And the apprehension about what will happen to the mom, the apprehension of what'll happen to the little girl is there for all of us and it's replicated over and over and over again all across this country.
KEYES: Gentlemen, let's listen to a clip of President Obama from the joint Rose Garden press conference he held yesterday with President Calderon.
President BARACK OBAMA: We discussed the need for immigration that is orderly and safe. And we acknowledge that both our countries have responsibilities. President Calderon is working hard to create jobs so that more Mexicans see a future of opportunity in their country.
To fix our broken immigration system, I reaffirm my deep commitment to working with Congress in a bipartisan way to pass comprehensive immigration reform.
KEYES: Congressman Grijalva, you're from Arizona, what are your impressions about how this issue has been handled on this visit?
Rep. GRIJALVA: A lot of the content we don't know what the discussions were between both presidents and their staffs. But it's been made a public issue, which I think is good. There's a lot of superficial talk to it and not a lot of content. But the fact that it is a public issue and, as we said earlier, reaffirming on a good day that comprehensive reform is going to be an issue that will be dealt with and dealt with immediately, is a reaffirmation that we need constantly.
And I think the president needs to put his foot to the gas and say, Congress, start moving on it, start the hearings. Let's look at a blueprint and begin to work at it. Because if we just talk about the need for it and don't put any real work and content to that need, then it becomes superficial discussion.
KEYES: Congressman Gutierrez, President Obama also talked about immigration reform legislation. And he basically seemed to put the ball in the Republican's court. I mean, he said that without the 60 votes in the Senate, he was going to need some Republican support to get this done. Do you think the White House is going to move forward on the commitment that he made while he was campaigning?
Rep. GUTIERREZ: I hope so. It's imperative that we get it done. There are 12 million undocumented workers in this country whose exploitation and plight I think we really need to respond to. It seems to me that the president of the United States is correct in that when he says we need more Republican support, the Republican leadership, the Republican congressmen and senator have been absent, completely, from the table.
But at the same time, look, extraordinary president, great president, which I believe Barack Obama has the incredible potential of being an extraordinary president. He's demonstrated it already in other facets of his presidency. Bring and create coalitions where the votes don't exist.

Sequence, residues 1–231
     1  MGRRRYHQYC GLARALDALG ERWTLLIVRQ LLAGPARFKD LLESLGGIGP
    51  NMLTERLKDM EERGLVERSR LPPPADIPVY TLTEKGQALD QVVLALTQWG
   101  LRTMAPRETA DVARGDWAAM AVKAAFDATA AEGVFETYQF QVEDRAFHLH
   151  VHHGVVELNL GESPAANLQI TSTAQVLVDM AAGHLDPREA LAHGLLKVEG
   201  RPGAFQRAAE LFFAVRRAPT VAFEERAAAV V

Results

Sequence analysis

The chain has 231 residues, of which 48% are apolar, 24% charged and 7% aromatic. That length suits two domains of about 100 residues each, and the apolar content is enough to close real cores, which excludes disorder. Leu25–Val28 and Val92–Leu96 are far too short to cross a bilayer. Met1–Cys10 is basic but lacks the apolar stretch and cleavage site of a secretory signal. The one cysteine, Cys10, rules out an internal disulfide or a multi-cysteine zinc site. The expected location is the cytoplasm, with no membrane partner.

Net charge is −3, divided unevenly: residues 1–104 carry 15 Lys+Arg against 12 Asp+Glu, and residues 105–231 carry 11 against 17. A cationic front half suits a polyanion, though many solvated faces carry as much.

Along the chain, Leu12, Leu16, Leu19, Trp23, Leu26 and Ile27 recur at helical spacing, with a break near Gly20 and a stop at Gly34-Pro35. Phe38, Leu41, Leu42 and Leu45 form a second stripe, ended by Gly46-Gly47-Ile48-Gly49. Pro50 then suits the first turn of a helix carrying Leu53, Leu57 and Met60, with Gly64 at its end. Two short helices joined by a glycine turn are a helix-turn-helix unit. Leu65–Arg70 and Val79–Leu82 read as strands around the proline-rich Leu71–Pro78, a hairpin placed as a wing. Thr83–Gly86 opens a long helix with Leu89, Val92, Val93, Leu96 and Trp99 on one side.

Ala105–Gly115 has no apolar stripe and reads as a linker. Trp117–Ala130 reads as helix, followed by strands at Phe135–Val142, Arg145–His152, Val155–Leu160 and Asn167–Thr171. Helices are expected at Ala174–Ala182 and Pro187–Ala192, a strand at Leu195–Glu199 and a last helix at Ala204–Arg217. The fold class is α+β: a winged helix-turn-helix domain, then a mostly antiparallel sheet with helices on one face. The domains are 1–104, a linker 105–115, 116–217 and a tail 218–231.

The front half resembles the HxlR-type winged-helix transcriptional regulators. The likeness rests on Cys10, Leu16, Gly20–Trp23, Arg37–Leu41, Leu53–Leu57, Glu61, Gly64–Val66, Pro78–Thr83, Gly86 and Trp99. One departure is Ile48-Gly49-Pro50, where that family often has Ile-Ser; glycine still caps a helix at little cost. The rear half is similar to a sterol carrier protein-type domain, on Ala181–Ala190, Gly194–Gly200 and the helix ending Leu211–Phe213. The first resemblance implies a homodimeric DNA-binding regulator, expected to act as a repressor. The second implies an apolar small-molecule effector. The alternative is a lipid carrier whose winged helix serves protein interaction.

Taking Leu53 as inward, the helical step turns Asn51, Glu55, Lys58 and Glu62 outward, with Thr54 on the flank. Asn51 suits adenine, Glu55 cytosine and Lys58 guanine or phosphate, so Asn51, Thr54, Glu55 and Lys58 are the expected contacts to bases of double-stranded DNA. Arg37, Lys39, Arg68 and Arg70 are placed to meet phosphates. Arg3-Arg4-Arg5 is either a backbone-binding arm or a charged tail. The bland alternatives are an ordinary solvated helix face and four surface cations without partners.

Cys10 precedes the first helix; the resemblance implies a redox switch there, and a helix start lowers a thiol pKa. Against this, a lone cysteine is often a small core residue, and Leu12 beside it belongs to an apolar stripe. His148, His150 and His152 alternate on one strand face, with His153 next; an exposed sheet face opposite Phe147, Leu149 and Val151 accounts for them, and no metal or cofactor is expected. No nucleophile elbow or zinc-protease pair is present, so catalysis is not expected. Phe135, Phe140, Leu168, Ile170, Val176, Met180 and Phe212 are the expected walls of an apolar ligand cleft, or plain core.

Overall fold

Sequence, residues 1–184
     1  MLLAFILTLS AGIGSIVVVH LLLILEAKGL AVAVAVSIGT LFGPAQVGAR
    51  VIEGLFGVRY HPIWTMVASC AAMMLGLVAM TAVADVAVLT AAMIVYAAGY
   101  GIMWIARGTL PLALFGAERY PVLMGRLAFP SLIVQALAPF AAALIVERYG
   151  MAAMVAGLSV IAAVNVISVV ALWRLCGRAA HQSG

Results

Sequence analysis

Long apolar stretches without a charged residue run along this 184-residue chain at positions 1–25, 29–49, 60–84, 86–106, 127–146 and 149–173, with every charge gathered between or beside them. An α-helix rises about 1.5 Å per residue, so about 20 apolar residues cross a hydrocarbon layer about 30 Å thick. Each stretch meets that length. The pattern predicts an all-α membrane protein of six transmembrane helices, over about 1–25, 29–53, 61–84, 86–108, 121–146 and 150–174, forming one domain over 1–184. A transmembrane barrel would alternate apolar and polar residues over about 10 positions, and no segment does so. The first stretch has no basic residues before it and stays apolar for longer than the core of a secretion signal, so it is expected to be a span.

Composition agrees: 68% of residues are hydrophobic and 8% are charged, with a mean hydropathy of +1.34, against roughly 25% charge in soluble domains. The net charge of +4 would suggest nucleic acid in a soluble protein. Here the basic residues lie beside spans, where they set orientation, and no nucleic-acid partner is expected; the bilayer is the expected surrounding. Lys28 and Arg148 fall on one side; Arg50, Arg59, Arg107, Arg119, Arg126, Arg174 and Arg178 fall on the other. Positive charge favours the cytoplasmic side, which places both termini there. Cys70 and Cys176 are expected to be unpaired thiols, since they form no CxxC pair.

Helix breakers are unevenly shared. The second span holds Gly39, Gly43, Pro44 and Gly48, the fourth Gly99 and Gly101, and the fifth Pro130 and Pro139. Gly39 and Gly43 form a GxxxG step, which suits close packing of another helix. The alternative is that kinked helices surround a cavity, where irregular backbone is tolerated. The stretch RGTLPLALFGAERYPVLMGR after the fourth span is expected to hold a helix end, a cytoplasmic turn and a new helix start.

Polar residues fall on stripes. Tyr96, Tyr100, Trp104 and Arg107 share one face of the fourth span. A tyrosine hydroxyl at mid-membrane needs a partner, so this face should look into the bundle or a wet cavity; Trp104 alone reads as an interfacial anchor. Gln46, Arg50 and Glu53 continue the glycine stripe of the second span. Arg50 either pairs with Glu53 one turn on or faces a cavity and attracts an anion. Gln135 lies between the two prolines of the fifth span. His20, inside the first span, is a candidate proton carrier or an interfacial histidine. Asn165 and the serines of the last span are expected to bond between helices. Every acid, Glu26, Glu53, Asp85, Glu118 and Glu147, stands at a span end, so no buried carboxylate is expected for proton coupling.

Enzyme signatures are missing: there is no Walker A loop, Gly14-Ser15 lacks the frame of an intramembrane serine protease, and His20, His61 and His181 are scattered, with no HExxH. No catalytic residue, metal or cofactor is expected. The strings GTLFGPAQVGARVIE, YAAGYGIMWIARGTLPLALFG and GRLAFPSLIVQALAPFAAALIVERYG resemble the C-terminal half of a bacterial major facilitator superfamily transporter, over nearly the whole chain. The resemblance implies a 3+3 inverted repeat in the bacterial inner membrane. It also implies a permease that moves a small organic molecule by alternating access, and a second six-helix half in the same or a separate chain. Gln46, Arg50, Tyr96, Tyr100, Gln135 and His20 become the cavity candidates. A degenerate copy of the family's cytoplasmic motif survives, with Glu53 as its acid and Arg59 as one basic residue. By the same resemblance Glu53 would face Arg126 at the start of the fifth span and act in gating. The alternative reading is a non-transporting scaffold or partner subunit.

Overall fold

Anyone could be president if the votes were there. I think he has an incredible command of the issue and articulation and a voice that we need to hear much more clearly on this issue. Bring Republicans to the table. Set the table, tell us where the menu is, tell us when the date is and force them to come to the table. And if they don't show up, then at least all of those of us in the immigrant community know that you put up the best fight possible for them.
KEYES: Congressman Grijalva, are you hoping to see anything tangible come out of this visit?
Rep. GRIJALVA: Yeah, and I think the tangible issue is that the commitment by both countries not just to the issue of immigration reform, to the issue of quelling and making our border communities on both sides of the border safe again for families and individuals. I think that would be a tangible result and momentum for immigration reform.
If we leave this issue and not deal with it and put up a fight, like Luis said, at least so the American people and the immigrant community can know who's on their side, then we haven't accomplished anything. And we leave it to extreme elements and extreme political theory to then run immigration in this country as we've seen in Arizona with that law that was passed and signed by the governor that has created so much controversy and justifiably so.
You leave it in the hands of the fringe to solve immigration and the rest of us that are trying to do something rational and fair, get left on the sidelines. So I think it's incumbent on this president and after this visit to continue to push and, as Luis said, to lead that fight.
KEYES: Democratic Congressman Luis Gutierrez of Illinois and Raul Grijalva of Arizona both joined us from their offices on Capitol Hill. Gentlemen, thanks for your insights and for joining us.
Rep. GUTIERREZ: Pleasure to be with you, Allison.
Rep. GRIJALVA: Thank you.